Count Erik Jönsson Dahlbergh (10 October 1625 – 16 January 1703) was a Swedish military engineer, Governor-general and Field marshal. He rose to the level of nobility through his military competence. As an architect and draftsman, he was renowned for fortification works. He is most known for his collection of engravings Suecia Antiqua et Hodierna, a collection of engravings of topographical research. 
|Birth name||Erik Jönsson|
|Born||10 October 1625|
|Died||16 January 1703 (aged 77)|
|Years of service||1647–1702|
Great Northern War
|Other work||Suecia Antiqua et Hodierna|
This section possibly contains original research. (July 2015) (Learn how and when to remove this template message)
Erik Dahlbergh was born in Stockholm, Sweden. His early studies involved the science of fortification. Orphaned at an early age, Dahlbergh's studies qualified him as a scribe and in 1641 he found employment in Hamburg with Gerdt Rehnskiöld (1610−1658), senior accountant for Pommern and Mecklenburg. Over a six year period, he was taught the fundamentals in draughtsmanship. While learning these skills, he also studied mathematics, architecture, perspective and map drawing.
He saw service as an engineer officer during the latter years of the Thirty Years' War. In 1650, the military command dispatched Dahlbergh to Frankfurt to recoup war indemnity awarded to Sweden following the Treaty of Westphalia. Dahlbergh also contacted the publishing firm of Merian and provided topographical maps. 
While studying art in Italy, news reached him of a coming war between Sweden and Poland-Lithuania and he saw the potential for a military career. In his military career, Dahlbergh saw service in Poland as adjutant-general and engineering adviser to Charles X of Sweden. He participated in March across the Belts and at the sieges of Copenhagen and Kronborg where he directed the engineers during the Northern Wars.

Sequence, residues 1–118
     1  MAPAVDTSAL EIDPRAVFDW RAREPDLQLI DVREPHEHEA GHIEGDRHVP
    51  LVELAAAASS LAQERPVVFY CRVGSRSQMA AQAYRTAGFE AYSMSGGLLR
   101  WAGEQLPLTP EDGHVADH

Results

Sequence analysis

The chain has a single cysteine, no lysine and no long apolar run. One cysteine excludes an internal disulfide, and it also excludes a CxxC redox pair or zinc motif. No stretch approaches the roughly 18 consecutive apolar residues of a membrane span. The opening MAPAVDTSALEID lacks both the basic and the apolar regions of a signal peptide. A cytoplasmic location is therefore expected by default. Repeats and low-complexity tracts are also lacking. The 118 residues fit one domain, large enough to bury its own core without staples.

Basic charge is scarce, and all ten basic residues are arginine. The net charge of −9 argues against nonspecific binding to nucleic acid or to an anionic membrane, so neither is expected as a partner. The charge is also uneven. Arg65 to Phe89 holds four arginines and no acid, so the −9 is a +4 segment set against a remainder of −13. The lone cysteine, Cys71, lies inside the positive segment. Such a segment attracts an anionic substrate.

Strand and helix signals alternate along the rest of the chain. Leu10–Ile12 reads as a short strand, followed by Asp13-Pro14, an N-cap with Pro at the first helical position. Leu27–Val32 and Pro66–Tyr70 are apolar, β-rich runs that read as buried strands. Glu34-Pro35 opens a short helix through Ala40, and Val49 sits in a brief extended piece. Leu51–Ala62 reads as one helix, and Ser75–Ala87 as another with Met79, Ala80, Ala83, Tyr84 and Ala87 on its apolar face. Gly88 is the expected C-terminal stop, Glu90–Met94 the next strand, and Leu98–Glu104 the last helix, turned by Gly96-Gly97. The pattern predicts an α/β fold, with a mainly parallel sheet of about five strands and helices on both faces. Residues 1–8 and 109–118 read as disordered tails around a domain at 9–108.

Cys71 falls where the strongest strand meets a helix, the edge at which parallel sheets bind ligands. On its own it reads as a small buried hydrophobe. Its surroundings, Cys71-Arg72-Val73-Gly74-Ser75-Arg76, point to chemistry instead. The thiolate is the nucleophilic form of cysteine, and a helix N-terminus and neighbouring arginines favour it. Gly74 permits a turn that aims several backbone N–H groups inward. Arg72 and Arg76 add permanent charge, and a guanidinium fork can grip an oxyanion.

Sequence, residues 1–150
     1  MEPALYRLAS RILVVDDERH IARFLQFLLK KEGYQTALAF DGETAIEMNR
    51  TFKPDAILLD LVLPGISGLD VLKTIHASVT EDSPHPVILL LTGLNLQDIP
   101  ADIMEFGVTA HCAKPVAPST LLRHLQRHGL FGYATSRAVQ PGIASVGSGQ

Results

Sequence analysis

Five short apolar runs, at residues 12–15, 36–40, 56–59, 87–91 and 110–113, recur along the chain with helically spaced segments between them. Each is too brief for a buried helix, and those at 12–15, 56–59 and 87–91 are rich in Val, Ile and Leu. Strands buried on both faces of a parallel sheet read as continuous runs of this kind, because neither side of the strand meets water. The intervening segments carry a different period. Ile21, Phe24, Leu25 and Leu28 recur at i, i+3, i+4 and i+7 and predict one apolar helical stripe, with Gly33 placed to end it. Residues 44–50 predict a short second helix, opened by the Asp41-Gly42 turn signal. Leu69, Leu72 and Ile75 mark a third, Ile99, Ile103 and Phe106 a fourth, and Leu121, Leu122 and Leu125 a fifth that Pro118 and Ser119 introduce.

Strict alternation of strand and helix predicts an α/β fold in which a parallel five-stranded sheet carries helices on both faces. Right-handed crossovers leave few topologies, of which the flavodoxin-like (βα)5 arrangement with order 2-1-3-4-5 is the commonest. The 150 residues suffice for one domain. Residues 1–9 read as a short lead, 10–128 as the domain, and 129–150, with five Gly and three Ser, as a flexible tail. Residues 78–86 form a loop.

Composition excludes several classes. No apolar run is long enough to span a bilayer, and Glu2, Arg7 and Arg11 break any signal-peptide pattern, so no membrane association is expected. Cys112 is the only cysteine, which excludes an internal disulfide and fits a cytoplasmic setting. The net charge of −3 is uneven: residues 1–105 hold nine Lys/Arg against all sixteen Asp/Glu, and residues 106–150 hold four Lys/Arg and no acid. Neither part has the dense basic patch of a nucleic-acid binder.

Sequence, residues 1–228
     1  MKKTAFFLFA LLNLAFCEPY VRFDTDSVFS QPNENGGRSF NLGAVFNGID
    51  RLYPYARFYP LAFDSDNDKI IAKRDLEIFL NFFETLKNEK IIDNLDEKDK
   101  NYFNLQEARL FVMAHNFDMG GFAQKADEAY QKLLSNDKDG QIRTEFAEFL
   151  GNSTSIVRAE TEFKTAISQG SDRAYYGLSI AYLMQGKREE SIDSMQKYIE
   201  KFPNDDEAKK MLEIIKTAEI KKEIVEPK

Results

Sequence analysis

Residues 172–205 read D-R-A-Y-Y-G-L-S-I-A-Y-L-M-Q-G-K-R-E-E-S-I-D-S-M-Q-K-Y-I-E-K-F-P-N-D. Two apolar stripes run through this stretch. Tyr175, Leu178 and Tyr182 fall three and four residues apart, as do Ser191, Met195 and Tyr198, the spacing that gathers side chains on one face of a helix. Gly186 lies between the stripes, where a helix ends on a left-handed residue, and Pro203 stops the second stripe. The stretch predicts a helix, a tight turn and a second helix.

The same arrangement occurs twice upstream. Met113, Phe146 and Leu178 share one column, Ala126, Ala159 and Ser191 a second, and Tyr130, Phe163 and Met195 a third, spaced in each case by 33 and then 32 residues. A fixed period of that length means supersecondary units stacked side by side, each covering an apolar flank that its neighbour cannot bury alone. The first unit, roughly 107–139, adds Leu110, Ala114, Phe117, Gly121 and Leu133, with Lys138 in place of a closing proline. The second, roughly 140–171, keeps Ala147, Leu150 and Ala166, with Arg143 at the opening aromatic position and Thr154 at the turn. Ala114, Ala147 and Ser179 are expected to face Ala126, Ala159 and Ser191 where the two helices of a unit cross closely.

In spite of his distinguished service, Dahlbergh remained a lieutenant-colonel for many years. His talents were later recognized and in 1676, he became director-general of fortifications for the Swedish crown. As director, Dahlbergh rendered distinguished service over the next twenty-five years. 
At Helsingborg in 1677, he was a key operative in the Great Northern War at Dunamünde, and in 1700 he was instrumental in the defense of the two sieges of Riga. His work in repairing the fortresses of his own country earned for him the title of the "Vauban of Sweden". He was also the founder of the Swedish engineer corps. He retired while in the rank of field marshal in 1702 and died the following year.
In modern times, Erik Dahlbergh best known for compiling the collection of engravings called "Suecia Antiqua et Hodierna" published 1660–1716, and for assisting Samuel Pufendorf in his "Histoire de Charles X Gustave". He also wrote a memoir of his life ( Svenska Bibliotek, 1757) and an account "Of the campaigns of Charles X" (ed. Lundblad, Stockholm, 1823).
|Wikimedia Commons has media related to Erik Dahlbergh.|
- "Erik J Dahlbergh". Svenskt biografiskt lexikon. Retrieved March 1, 2020.
- "Erik Dahlbergh (1625—1703)". RKD – Netherlands Institute for Art History. Retrieved April 1, 2019.
- Herbert Theodor Lundh. "Dahlberg, Erik Jönsson". Enciclopedia Italiana (1931). Retrieved April 1, 2019.
- "Erik Dahlbergh och Suecia antiqua et hodierna". Kungliga Biblioteket. Retrieved March 1, 2020.
- This article incorporates text from a publication now in the public domain: Chisholm, Hugh, ed. (1911). "Dahlberg, Erik Johansen, Count". Encyclopædia Britannica. 7 (11th ed.). Cambridge University Press. p. 731.
- Suecia Antiqua et Hodierna Royal Library of Sweden